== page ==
HONG KONG, Dec 29 - China Merchants Bank Co Ltd (600036.SS) (3968.HK) plans to expand lending to small businesses to help China fight the global financial crisis and continue to grow its economy in 2010.
Ma Weihua, a highly influential Chinese banker and chief executive of Merchants Bank, China's sixth-largest lender by assets, said the bank would also relax approvals on loans for domestic small and medium-sized enterprises (SME) next year.
SMEs have become the support pillar of China's GDP growth. To realize China's goal of boosting domestic consumption and maintaining economic growth, it is now an urgent task to solve financing problems for SMEs, Ma said.
He was speaking to a group of leading Chinese private entrepreneurs in Shanghai, including Li Shufu, chairman of Zhejiang Geely Holding Group, which is finalising a deal to take over Ford Motor's (F.N) Volvo Car Corp.
In 2010, Merchants Bank, headquartered in the southern Chinese city of Shenzhen bordering Hong Kong, would focus on loans of less than 5 million yuan ($732,200) for small businesses and relax approval processes for such lending, said Ma.
He said Merchants Bank had set up an SME Credit Centre, which would have more independent power in approving small loans without the need to report every case to the bank's head office.
In China, big enterprises should support small enterprises, and so should financial institutions, he said.
When financing problems for SMEs are solved and SMEs really feel energetic and flexible about doing business, China's economy can truly get out of the financial crisis, said Ma, a former central banker. 2010 will bring big opportunities to many SMEs.
China's Big Four banks led by Industrial and Commercial Bank of China (601398.SS)(1398.HK), now the world's largest bank by market value, hold a combined 50 percent share of the domestic lending market, mostly for big state-owned enterprises.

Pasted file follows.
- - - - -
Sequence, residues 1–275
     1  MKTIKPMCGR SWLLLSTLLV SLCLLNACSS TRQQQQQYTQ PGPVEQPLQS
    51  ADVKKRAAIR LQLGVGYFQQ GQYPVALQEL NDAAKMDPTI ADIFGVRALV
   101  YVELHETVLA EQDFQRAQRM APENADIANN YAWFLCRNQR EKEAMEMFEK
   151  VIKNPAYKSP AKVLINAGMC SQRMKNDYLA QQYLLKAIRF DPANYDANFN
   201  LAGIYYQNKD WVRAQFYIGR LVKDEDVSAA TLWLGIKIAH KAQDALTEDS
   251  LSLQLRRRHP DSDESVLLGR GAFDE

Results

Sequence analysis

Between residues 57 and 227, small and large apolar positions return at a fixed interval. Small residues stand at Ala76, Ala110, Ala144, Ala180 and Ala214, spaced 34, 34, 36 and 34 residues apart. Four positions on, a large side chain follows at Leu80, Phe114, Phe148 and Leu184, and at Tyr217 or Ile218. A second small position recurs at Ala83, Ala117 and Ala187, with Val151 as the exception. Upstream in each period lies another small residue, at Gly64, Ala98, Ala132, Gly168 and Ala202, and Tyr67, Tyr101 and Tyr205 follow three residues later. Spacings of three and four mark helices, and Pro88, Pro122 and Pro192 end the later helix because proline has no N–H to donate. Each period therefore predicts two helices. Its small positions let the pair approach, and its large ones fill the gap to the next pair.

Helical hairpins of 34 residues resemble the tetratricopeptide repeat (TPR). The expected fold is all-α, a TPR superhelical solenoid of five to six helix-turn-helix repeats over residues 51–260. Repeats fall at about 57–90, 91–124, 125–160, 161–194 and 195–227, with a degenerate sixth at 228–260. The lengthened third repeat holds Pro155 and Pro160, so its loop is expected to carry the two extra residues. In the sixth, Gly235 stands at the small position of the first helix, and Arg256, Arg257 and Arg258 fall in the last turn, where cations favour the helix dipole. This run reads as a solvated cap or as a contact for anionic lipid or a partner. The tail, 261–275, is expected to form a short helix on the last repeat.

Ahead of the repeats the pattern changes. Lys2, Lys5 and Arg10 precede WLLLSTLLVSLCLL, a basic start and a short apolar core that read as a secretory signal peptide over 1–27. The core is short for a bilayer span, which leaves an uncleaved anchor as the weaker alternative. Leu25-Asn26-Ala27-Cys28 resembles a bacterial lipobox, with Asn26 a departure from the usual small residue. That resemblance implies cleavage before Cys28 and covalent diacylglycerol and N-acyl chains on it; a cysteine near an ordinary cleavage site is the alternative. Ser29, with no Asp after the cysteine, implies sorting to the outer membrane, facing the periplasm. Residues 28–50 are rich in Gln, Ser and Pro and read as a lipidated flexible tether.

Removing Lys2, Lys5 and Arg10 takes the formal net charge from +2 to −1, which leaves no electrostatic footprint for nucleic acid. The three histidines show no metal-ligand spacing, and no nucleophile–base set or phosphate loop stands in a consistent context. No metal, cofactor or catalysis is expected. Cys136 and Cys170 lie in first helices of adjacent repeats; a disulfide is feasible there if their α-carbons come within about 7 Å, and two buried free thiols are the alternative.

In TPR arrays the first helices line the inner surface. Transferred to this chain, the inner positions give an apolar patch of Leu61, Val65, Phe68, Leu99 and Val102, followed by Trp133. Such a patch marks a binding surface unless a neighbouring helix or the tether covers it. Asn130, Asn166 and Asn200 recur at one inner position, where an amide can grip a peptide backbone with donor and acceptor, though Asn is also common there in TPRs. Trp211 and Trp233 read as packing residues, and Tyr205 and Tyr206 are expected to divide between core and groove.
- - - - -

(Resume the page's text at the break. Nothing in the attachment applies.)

SMEs have contributed more than half of China's GDP and foreign investors have shown strong interest in helping Chinese SMEs grow bigger, faster.
In October, a consortium led by U.S. buyout giant Kohlberg Kravis Roberts & Co [KKR.UL] injected a total $160 million into a Chinese financial leasing firm for about a 30 percent stake in the company, which focuses on SMEs. [ID:nSHA21400]
Chinese companies have so far been less affected by the global financial crisis than their Western counterparts, but many SMEs have complained about the difficulty of getting loans from domestic banks, which are concerned about potential credit risks.
Some companies, including Geely, are eyeing Western assets whose values have fallen sharply since the financial crisis, providing a rare opportunity for expansion abroad.
The government also vowed to exercise stricter controls over bank lending next year, guiding credit to new energy projects and consumers, while choking off financing to polluters and sectors riddled with overcapacity. [UD:nTOE5BM03X] (Editing by Chris Lewis) ($1=6.829 Yuan)